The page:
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Providence Epilepsy Center


Providence Epilepsy Center

Providence Epilepsy Center delivers evidence-based and technologically-advanced individual treatment plans. Our approach unites caregivers from several medical fields to provide the full range of coordinated and compassionate care and includes medical, nursing, educational, social, psychological and surgical services.

Our center also includes the Providence First Seizure Clinic, which streamlines care for patients with new onset seizures by providing fast access to diagnostic testing and consultation with one of our epileptologists.

Providence Epilepsy Services participates in clinical trials through the Providence Brain and Spine Institute.

A seizure is an interruption of normal brain function caused by overly excited nerve cells (neurons) in the brain. A person having a seizure might lose consciousness, stare, have jerking of the arms and/or legs, have trouble talking, make strange noises or express strange feelings.

Epilepsy is usually defined as having two or more seizures that do not have a specific cause. However, even if you’ve only had a single seizure, you could be diagnosed with epilepsy if your tests suggest that future seizures are highly likely. To find out, your doctor may order blood tests, an EEG (electroencephalogram), an MRI (magnet resonance imaging) test or a CT (computerized tomography) scan. These tests, plus your history and neurological exam, will help to reach a diagnosis.

Yes, some people have several different types of seizures. A diagnosis of “epilepsy” is nonspecific about which type you may have, and different epilepsies or epilepsy syndromes may have different treatments and prognoses.

Some children do stop having seizures as they age. If you go two or three years without a seizure, you may decide with your doctor to stop taking seizure medications. Your risk of future seizures after you stop medication depends on the underlying cause of your seizures and other genetic, medical and social variables.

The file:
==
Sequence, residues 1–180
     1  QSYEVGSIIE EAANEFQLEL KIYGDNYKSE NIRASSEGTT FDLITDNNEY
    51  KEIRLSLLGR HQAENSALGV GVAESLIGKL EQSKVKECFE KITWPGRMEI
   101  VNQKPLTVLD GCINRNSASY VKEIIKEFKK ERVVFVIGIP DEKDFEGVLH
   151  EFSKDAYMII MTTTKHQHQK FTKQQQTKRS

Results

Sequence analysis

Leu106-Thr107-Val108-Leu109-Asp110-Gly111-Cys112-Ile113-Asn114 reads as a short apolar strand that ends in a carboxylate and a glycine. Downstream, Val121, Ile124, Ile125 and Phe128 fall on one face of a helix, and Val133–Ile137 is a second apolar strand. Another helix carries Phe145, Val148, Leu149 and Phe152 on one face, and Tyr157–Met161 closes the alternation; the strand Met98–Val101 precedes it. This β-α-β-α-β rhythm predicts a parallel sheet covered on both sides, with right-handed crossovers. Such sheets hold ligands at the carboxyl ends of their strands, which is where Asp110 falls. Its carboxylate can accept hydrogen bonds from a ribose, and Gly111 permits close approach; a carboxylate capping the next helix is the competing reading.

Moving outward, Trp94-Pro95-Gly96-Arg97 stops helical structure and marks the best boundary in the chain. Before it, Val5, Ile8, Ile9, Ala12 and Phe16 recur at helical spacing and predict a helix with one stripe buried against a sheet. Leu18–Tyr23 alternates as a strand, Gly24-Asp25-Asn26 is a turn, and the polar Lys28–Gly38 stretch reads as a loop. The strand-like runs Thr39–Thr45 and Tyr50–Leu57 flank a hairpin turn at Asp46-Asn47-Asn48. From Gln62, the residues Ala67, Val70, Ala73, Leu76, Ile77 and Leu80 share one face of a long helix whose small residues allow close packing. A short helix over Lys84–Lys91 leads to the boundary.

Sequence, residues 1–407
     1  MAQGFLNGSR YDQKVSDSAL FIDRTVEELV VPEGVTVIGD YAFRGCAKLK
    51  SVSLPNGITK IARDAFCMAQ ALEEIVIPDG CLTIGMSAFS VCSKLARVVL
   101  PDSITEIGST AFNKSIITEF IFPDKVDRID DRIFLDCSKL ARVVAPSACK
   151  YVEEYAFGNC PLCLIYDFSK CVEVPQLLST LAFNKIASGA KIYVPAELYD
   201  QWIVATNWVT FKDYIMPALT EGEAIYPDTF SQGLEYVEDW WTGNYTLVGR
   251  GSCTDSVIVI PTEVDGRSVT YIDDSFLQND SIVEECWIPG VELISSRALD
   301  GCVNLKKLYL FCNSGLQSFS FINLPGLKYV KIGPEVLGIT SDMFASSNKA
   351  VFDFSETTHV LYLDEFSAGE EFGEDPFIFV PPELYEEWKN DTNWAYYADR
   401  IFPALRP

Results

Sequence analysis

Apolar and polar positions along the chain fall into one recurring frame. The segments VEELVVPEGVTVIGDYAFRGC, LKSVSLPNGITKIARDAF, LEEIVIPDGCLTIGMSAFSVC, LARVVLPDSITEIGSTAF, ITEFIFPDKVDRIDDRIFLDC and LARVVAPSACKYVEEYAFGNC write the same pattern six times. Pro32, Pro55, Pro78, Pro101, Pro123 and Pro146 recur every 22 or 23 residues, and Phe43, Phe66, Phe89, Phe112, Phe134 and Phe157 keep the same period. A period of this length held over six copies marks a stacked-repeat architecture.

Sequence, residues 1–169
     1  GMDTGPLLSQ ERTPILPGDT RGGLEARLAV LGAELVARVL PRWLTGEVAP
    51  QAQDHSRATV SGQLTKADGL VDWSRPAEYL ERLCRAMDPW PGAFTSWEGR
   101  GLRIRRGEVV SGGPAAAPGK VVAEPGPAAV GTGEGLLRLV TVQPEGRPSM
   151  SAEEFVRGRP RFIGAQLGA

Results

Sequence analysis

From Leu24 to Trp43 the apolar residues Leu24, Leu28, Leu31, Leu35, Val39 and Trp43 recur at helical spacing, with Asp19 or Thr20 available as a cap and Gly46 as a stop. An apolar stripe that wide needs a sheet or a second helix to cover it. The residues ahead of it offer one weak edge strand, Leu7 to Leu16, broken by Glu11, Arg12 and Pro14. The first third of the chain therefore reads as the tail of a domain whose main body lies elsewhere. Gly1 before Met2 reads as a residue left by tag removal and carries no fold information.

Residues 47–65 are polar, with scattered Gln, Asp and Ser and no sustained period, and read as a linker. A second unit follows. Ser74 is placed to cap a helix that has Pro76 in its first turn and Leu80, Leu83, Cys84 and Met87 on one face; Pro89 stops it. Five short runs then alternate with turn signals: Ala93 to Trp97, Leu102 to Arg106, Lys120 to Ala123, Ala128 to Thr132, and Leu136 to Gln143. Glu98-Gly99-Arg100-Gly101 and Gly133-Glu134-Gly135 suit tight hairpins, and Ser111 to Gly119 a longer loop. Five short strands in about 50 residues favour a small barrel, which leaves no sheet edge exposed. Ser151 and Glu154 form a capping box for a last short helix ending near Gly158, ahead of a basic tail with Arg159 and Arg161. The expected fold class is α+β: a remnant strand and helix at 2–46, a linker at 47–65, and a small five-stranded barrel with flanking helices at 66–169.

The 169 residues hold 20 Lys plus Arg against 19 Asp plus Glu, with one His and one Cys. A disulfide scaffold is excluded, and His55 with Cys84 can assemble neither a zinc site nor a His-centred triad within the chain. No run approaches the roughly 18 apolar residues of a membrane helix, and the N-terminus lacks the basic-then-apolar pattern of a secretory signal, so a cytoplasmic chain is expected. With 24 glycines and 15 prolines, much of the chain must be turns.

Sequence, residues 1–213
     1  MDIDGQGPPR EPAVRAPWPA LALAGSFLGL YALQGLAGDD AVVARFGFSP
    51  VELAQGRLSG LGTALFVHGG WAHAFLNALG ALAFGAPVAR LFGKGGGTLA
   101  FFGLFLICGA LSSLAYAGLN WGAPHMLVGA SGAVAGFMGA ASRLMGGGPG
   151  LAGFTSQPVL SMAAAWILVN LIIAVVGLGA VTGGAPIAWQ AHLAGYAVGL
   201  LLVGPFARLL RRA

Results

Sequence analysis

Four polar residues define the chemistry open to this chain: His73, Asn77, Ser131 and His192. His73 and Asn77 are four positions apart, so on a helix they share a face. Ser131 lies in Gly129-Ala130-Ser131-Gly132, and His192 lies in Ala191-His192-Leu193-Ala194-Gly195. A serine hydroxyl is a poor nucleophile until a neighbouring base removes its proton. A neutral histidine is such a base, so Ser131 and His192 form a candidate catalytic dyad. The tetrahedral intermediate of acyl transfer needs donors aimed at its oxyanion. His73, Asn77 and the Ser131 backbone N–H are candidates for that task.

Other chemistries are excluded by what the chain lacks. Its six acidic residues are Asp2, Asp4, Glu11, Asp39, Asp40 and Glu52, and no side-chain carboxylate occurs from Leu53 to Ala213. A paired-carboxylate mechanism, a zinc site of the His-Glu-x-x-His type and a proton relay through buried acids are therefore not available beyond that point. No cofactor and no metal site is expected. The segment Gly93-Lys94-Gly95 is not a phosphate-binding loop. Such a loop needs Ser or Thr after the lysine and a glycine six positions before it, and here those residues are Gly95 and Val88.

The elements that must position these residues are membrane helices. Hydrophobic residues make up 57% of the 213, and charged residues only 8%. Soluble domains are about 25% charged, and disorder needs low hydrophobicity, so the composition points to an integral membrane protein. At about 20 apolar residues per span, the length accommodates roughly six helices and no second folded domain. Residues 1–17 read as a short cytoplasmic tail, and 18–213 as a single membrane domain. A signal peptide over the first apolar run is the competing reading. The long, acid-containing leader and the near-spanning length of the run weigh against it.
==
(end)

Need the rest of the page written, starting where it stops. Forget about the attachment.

While there is no cure, taking medications and avoiding situations that increase your risk of having a seizure can help control it.

Among patients whose seizures can’t be controlled with medication, a small subset may be able to stop or significantly decrease seizures with surgery. If surgery stops the seizures, however, most patients will still require anti-seizure medication. Other options for some who don’t respond completely to medications may include implanted devices (vagal nerve stimulators are the most common) that can reduce seizures, or a trial of an epilepsy diet therapy. Even with treatment, though, some people will continue to have seizures. 

The vagal nerve stimulator (VNS) is a treatment option for some patients who are not candidates for surgery. VNS placement requires a simple outpatient procedure under anesthesia. A small programmable device is inserted in the chest wall (similar to a pacemaker). It has a flexible wire that wraps around the vagus nerve, which is a nerve that starts in the lower part of the brain and extends down into your torso.

The VNS is programmed to send a small electrical current intermittently to the vagus nerve. This interrupts the electrical activity in the brain. The most common side effects of the VNS are hoarseness, discomfort, and cough. The VNS settings are gradually increased over time. In the event of a seizure, a magnet can be swiped over the battery site. This will often stop or shorten a seizure. VNS therapy is used along with medications. It may allow you to take less medication and have fewer side effects, or it may work synergistically with your medication.

No, epilepsy is not contagious.

Most patients don’t need to have their blood levels checked at every visit. While there are generally recognized guidelines for how much of a drug should be present in your blood in order for the drug to be effective, not all patients do their best within these “therapeutic ranges.” The right drug dose for you should be balanced between how often you have seizures and how well you handle side effects.

Blood levels do provide helpful safety information if you are pregnant or if you are taking another medication that might interact with your antiepileptic drug. These tests also show your doctor whether you are taking your medication correctly. With certain medications, frequent monitoring of your blood count, electrolytes and liver enzymes is important.